TriMet has requested mediation to negotiate a new contract with the union representing most of its employees.

TriMet Executive Director of Labor Relations and Human Resources Randy Stedman wrote a letter to the state’s Employment Relations Board on Wednesday requesting a mediator be assigned to help the two parties reach a settlement.

“After 34 bargaining sessions and agreement on many work rule and working condition provisions, we’ve been unable to reach agreement on our core issue of wages and benefits, and have requested that ERB assign a mediator to help the parties move forward,” Stedman said.

The request was made one day after TriMet and Amalgamated Transit Union 757 passed the 150-day mark in their talks. That is when the state's collective bargaining law allows either side to request mediation.

According to TriMet, the core issues remain active and retiree healthcare costs. TriMet insists it cannot continue paying 100 percent of the premium cost for its platinum-level healthcare benefits for active employees and retirees and continue to fund them for another 16 years for surviving spouses and dependents.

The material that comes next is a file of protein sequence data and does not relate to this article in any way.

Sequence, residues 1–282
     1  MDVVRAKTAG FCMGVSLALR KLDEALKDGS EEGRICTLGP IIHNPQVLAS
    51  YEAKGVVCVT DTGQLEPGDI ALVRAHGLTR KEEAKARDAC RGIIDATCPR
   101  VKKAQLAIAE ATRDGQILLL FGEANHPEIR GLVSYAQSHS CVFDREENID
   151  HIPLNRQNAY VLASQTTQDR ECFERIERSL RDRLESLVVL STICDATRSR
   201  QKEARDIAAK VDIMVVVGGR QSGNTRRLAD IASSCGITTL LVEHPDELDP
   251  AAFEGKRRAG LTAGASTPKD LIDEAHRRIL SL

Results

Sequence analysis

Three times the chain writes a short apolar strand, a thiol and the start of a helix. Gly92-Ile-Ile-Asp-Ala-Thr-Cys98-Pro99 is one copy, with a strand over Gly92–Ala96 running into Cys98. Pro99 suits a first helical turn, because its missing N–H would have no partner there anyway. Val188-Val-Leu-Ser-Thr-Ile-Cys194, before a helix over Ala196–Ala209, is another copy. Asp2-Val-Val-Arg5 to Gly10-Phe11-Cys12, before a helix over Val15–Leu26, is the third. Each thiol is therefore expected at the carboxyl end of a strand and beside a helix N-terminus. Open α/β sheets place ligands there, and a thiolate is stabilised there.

As proof, TriMet notes a recent audit by the Oregon Secretary of State’s Office said TriMet’s “most serious and looming concern” is related to the cost of healthcare benefits and the $852 million unfunded liability for retiree health care. TriMet says it is working to reform these benefits through contract negotiations to be in line with peer agencies

The most recent labor contract expired on Nov. 30, 2012, and by law union members cannot strike. If a settlement cannot be negotiated, a state-approved arbitrator will select and imposed one of the party’s proposal through binding interest arbitration. That is what happened with the most recent contact.

Contract Publishing

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